Massive backing from participants to the first Play the Game conference outside Europe
Photo: Play the Game/Thomas Søndergaard
20.02.2020By Play the Game
The first Play the Game conference held outside of Europe was a success in the eyes of the participants and organisers alike.
In an anonymous survey distributed by e-mail in the week after the conference, 96% of the respondents declared that their overall impression of Play the Game 2019 was either ‘very good’ (66%) or ‘good’ (30%) – almost equalling the score from 2017 of 67% and 31%, respectively.
Play the Game’s international director, Jens Sejer Andersen, is delighted with the positive feedback, especially considering the big step of taking the conference overseas.
“Placing the conference outside of Europe for the first time was a bit of a gamble, so we are grateful that 320 participants made their way to Colorado Springs and left with a feeling of being inspired,” he says.
“As organisers, we were impressed to see how our speakers delivered their messages with equally strong expertise and commitment. They raised the bar for what you can expect as a participant, and they shed new light on issues such as athletes’ rights, sexual abuse, international anti-doping, and many others.”
Adding value to the daily work and enhancing networks
87% of the respondents said that attending the Play the Game conference has given value to their daily work either ‘to a high extent’ (43%) or ‘to some extent’ (44%). In 2017, the percentages were 36% and 52%, respectively.
A high percentage of participants believes that the Play the Game 2019 conference succeed in facilitating networking between journalists, academics, and leaders in world sport. 76% believe it did so to a ‘very high degree’ or ‘high degree’, a small decrease from 2017 (81%).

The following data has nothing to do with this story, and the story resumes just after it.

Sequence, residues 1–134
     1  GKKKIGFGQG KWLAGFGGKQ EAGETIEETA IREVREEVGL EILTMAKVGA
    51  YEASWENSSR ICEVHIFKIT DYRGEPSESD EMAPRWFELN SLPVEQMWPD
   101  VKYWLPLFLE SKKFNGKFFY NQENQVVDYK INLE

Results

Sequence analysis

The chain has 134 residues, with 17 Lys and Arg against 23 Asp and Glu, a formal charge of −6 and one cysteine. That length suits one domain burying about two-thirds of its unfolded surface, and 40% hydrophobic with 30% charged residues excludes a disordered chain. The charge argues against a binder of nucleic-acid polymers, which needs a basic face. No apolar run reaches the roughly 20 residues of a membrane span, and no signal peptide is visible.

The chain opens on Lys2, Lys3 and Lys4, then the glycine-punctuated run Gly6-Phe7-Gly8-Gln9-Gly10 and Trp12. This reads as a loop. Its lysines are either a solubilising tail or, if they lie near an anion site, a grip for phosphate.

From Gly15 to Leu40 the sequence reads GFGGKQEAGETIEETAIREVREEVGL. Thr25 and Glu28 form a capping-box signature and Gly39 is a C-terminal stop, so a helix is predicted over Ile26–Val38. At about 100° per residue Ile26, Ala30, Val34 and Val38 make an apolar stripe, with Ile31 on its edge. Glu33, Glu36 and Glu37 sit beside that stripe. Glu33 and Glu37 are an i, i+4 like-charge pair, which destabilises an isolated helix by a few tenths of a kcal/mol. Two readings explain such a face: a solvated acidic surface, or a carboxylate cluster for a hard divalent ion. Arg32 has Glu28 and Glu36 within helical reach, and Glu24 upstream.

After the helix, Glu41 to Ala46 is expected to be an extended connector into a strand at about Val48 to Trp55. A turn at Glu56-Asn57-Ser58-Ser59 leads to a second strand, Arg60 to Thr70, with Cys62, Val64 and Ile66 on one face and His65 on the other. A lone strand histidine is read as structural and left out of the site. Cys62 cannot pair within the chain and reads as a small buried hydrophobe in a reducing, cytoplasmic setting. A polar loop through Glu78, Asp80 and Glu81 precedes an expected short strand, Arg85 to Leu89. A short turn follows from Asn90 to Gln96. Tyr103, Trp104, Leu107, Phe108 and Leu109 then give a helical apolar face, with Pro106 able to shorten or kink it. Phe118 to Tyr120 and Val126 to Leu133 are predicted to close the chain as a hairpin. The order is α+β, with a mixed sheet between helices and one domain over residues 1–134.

79% of the respondents believe the Play the Game conferences are developing in a positive direction, whereas 7% of the respondents believe they are developing in a negative direction.
Programme scheduling: A mirror of the past – but with some improvement
During the conference, there were a total of 12 plenary/main sessions and 28
parallel/partner sessions. In total, 174 presentations were delivered by 157 speakers.
57% of the respondents indicated that in general the number of presentations was suitable, 7% believed there were far too many, and 34% ‘too many’.
The length and general standard of presentations in main/plenary sessions also received satisfactory ratings as 77% of respondents felt the length of presentations was ‘suitable’ (86% in 2017) and 92% felt the general standard of main/plenary sessions was either ‘very good’ or ‘good’ (85% in 2017).
82% also felt that the length of presentations in parallel sessions was ‘suitable’, with 10% finding them ‘generally too short’.
“The efforts invested in the programme are only justified if the participants appreciate it. Therefore, we listen to all kinds of feedback regarding the setup of the conference. Overall, we believe our setup for the conference is good, which the feedback from participants also demonstrates. But of course, we are always looking into developing the conference, its content and formats for the better,” says Stanis Elsborg, analyst at Play the Game and appointed head of the 2021 Play the Game conference.
Selected statements from the survey
“Thanks again for such a lovely conference, I truly enjoyed it and my team and I learnt a lot and got to meet fantastic people.”
“Fascinating and timely presentations, and amazing people to meet.”
“I would like to say thank you for everything, all your help and comprehension. The conference was impressive and wonderful. Was an amazing experience for a young woman like me, I learnt a lot.”
“In my view, the 2019 visit to America was a huge success. Without exception, everyone I spoke to felt this way.”
“Play the Game is the best conference out there and I so enjoy it. I already cannot wait until the next one.”
“I learned so much ‐ trying to find time to follow it all up. The contacts I made were also very useful.”
“I think PTG could – if it is not already – be an incubator for journalists worldwide to pool news, share, and leverage information.”
“I teach at universities and have discussed content learned at Play the Game conferences (or even hosted guest speakers I met at the conference) in class.”